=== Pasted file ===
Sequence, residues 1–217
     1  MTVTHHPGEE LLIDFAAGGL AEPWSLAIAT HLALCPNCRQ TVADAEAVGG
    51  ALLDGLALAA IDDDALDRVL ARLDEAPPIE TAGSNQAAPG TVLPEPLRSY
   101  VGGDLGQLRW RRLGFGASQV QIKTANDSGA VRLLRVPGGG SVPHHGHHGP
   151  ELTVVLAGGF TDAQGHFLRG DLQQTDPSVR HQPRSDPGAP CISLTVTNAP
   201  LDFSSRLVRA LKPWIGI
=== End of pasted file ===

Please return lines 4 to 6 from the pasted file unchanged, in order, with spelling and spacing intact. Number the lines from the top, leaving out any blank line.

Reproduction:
   101  VGGDLGQLRW RRLGFGASQV QIKTANDSGA VRLLRVPGGG SVPHHGHHGP
   151  ELTVVLAGGF TDAQGHFLRG DLQQTDPSVR HQPRSDPGAP CISLTVTNAP
   201  LDFSSRLVRA LKPWIGI